Fishermen fear Basin closing

Dean Wilson, Atchafalaya Basinkeeper director, right, said a way of life is being threatened as crawfishermen are being denied access to areas of the Atchafalaya Basin during a meeting Tuesday at the fire station in Belle River. Attorney Joseph “Buzzy” Joy, left, has represented several crawfishermen cited for trespassing in the basin. Mike Bienvenu, center, president of Louisiana Crawfish Producers Association – West, said the attorneys are willing to walk through fire for crawfishermen to keep navigable waterways open.
(The Daily Review Photo by Preston Gill)

Mike Meche said fishermen are trying to “protect our way of life …” at the meeting of the Atchafalaya Basinkeeper and the Louisiana Crawfish Producers Association-West on Tuesday in Belle River.
(The Daily Review Photo by Preston Gill)


About 200 people, mostly crawfishermen, assembled to discuss how to fight back as they say their livelihoods are threatened in the Atchafalaya Basin.
The meeting at the fire station, sponsored by Atchafalaya Basinkeeper and the Louisiana Crawfish Producers Association-West, portrayed access to the basin as a David versus Goliath issue pitting them against moneyed interests who make an illegitimate claim to waterways.
Dean Wilson, Atchafalaya Basinkeeper director, said he has received death threats and another crawfisherman claimed two shots were fired in the direction of his boat while he and his two sons were in the boat.
At issue is whether the waters of the Atchafalaya Basin are navigable waterways that are open to commercial use, which the U.S. and state constitution say should be public, Wilson and others said.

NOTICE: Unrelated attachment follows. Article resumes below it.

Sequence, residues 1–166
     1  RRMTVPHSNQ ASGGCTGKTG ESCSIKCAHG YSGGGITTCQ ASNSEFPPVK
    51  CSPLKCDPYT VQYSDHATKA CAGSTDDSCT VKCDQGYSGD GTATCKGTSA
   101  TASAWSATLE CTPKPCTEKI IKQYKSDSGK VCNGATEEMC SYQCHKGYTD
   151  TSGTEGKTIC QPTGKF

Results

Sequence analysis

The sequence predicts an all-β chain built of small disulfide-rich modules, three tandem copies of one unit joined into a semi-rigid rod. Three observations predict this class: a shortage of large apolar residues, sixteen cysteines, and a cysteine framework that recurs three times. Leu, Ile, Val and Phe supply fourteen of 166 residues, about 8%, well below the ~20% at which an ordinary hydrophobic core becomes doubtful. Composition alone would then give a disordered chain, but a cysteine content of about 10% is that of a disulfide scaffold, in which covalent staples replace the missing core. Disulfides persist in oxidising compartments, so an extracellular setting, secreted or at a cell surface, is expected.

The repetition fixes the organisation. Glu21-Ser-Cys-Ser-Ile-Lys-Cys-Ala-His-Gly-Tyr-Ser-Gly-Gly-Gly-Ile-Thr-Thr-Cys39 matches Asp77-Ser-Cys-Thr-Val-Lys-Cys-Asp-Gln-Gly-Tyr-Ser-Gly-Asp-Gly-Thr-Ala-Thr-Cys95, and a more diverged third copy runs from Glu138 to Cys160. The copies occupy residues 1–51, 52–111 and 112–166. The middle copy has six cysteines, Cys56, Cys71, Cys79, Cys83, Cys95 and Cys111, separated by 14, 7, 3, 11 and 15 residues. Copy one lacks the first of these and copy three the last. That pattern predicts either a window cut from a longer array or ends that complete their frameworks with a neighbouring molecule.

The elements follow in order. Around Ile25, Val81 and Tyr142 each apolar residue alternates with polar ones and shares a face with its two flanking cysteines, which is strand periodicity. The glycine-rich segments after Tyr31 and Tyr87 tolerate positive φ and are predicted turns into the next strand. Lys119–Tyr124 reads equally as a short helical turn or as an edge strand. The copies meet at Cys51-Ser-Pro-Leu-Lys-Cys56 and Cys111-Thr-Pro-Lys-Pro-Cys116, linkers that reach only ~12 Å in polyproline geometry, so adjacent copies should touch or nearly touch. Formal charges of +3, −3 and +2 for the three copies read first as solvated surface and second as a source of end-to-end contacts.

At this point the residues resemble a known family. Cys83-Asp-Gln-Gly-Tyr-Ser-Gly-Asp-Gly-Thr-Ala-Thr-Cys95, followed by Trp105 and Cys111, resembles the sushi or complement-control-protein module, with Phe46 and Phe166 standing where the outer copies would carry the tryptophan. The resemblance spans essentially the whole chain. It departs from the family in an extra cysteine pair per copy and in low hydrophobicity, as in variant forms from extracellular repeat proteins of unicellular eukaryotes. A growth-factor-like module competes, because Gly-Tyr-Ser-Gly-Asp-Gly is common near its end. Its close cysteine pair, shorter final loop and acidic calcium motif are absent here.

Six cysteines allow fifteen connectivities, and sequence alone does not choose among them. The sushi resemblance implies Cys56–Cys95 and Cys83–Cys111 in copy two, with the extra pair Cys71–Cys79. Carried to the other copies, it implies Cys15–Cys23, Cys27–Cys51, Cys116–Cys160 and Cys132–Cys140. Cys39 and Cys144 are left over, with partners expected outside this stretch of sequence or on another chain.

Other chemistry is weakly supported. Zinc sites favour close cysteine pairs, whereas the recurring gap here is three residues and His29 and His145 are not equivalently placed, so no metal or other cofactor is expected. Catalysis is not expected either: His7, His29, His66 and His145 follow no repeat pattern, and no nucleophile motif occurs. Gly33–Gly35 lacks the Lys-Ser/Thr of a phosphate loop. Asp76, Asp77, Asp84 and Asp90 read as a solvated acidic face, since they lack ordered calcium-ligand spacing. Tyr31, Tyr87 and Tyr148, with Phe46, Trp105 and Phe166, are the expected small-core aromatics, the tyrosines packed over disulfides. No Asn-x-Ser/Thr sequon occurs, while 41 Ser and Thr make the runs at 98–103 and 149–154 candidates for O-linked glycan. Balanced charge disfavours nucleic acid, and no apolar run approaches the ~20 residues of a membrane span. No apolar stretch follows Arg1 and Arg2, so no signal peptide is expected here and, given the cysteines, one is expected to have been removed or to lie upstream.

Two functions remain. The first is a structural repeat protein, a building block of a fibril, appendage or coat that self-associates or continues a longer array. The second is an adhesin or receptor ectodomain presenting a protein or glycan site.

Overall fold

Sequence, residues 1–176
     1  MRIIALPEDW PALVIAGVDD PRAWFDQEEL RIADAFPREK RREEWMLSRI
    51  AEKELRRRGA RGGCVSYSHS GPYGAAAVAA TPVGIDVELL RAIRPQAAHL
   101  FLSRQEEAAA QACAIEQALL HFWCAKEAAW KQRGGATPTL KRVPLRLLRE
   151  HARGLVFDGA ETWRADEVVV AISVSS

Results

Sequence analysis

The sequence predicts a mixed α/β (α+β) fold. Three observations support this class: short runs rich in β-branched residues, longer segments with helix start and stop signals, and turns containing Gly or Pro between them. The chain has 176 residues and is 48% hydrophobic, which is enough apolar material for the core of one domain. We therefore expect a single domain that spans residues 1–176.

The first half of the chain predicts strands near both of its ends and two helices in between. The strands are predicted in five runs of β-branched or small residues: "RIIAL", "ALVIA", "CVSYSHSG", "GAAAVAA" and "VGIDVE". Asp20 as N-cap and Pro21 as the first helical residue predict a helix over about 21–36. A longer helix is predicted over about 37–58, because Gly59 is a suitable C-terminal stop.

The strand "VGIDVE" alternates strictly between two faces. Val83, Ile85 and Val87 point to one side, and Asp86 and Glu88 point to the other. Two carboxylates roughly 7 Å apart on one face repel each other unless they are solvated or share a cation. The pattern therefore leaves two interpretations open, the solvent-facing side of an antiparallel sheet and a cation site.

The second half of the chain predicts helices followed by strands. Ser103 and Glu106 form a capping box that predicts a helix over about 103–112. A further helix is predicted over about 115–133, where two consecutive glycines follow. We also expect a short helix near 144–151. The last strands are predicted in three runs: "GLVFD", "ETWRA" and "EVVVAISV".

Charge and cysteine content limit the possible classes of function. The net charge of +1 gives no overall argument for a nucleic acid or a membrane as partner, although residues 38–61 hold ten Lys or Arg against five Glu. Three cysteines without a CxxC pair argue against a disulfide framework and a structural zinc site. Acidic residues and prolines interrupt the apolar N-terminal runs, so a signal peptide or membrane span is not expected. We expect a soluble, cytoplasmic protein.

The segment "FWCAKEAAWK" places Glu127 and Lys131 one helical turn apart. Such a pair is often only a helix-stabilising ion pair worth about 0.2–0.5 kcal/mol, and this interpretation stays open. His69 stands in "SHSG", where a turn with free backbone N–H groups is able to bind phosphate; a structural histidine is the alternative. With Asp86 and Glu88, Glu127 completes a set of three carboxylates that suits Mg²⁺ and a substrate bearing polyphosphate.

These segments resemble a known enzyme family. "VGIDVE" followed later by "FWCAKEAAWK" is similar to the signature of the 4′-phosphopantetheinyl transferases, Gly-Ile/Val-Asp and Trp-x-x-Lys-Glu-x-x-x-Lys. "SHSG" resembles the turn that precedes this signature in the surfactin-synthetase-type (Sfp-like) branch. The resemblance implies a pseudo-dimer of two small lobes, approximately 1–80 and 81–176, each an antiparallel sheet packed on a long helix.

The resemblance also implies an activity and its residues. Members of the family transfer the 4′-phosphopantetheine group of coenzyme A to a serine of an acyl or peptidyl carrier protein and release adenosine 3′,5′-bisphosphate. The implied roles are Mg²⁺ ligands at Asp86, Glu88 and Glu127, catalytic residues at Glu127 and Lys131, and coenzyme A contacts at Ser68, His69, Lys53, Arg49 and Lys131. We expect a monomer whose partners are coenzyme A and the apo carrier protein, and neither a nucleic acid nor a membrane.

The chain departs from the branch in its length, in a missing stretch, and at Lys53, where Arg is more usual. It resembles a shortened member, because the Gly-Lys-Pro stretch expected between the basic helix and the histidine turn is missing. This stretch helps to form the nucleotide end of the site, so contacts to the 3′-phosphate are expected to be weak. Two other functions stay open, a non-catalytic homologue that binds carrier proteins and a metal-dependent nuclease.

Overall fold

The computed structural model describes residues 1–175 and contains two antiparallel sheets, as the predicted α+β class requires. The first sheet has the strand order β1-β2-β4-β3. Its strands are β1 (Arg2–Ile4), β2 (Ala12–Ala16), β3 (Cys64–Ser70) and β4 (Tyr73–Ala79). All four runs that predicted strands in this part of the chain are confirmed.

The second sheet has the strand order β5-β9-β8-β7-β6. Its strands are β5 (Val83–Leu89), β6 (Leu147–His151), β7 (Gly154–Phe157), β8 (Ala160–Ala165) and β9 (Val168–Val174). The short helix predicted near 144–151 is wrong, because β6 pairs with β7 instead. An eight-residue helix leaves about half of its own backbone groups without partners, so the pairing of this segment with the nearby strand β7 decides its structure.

Attorney Joseph “Buzzy” Joy, a Morgan City native practicing law in Lafayette, has represented several crawfishermen cited for trespassing in the basin. He said in one such legal battle, after a 13-day trial on a trespassing charge, they successfully established Lake Rycade as a navigable waterway.
“Since then the issue of navigable waterways has not been raised in the basin,” Joy said of subsequent legal challenges.
Mike Meche, who said he was shot at with his sons, said fishermen are trying to “protect our way of life … These are navigable waterways of the United States of America … that we have been making a living on for 100 years. I am never on land from the time I put in my boat until the time I take out. Don’t let them change your vocabulary and say it is something that it is not.”
Those who claim the water bottoms as their private property are making false claims, Wilson said.
“They would like to do this all over the basin,” Wilson said. “But they can’t show you any boundaries … They have blocked off navigable waterways with dams and they have been quit-claiming for decades.”
Meche said a handful of people are exploiting the basin and are “trying to keep us from making a living.”
“When some guy in a three-piece suit, sitting behind a desk wants to keep me from feeding my family then I get upset,” Meche said.